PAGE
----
The identification of antigens with the capacity to induce a broad spectrum of protective immunity is an important consideration in the design of a Lyme disease vaccine. In this study, the range of protection provided by outer surface protein (Osp) A or OspC vaccination was compared. Mice actively immunized with OspA or OspC were challenged with 3 North American isolates of Borrelia burgdorferi. OspA-immunized mice were fully protected from infection with each of the isolates, whereas mice immunized with OspC were protected from infection with the homologous isolate but not with 2 heterologous isolates. Sequence analysis revealed that the ospA genes from these 3 isolates were >99% homologous, whereas the ospC genes shared only 81%-85% homology. Western blot analysis suggested antigenic heterogeneity associated with OspC but not OspA. These results indicate that genetic and antigenic heterogeneity may limit the usefulness of OspC as a vaccine constituent.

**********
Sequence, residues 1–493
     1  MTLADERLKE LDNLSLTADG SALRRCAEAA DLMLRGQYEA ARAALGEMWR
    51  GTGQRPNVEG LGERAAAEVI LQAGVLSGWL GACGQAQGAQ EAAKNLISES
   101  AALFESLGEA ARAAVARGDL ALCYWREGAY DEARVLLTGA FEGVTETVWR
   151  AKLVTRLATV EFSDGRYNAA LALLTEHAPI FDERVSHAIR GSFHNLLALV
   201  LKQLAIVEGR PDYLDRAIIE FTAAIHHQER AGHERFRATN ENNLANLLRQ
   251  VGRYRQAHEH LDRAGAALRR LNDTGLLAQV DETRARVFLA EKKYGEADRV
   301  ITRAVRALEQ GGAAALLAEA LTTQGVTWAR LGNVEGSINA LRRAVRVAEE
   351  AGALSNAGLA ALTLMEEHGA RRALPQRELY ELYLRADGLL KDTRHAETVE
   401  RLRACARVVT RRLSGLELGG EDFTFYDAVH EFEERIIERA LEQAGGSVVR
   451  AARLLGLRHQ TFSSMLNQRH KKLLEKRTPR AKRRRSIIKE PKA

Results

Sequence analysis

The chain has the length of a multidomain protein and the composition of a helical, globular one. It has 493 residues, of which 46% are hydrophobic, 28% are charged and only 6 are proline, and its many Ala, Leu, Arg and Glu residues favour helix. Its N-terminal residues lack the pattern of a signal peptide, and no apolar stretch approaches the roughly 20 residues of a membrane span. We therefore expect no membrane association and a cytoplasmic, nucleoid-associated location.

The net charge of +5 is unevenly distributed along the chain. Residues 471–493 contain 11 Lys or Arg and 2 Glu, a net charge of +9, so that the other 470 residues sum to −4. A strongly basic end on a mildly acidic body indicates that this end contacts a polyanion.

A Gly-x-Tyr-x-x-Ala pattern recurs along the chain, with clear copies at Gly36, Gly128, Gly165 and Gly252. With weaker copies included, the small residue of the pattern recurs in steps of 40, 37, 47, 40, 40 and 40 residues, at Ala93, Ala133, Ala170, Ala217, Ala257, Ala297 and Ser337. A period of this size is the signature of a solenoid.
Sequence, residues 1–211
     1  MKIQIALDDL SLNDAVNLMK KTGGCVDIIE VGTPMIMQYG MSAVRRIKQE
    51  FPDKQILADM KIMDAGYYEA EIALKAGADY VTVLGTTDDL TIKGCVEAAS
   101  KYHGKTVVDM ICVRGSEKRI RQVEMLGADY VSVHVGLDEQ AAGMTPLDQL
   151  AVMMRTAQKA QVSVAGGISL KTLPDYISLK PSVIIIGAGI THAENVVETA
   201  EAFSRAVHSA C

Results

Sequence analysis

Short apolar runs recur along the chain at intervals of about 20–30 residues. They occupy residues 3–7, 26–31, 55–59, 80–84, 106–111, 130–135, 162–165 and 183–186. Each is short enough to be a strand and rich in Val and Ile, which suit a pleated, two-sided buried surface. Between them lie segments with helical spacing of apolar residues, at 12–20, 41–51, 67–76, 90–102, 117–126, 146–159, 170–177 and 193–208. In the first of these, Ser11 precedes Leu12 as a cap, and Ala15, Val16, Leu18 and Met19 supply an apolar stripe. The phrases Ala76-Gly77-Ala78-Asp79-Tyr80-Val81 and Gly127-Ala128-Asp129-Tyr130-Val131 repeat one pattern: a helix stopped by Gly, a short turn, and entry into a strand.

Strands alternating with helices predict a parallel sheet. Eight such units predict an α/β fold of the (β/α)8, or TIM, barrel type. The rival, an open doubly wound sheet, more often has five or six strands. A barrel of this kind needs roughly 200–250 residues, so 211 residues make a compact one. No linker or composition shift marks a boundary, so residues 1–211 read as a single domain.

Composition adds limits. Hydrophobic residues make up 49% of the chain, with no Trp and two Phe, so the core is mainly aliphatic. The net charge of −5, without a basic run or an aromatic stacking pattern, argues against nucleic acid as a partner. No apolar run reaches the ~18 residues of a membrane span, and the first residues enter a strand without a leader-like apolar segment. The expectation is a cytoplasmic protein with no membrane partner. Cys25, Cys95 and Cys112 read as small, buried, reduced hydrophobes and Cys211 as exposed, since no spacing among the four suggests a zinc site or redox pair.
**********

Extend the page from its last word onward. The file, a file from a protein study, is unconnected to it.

|Original language||English (US)|
|Number of pages||6|
|Journal||Journal of Infectious Diseases|
|State||Published - 1997|
ASJC Scopus subject areas
- Public Health, Environmental and Occupational Health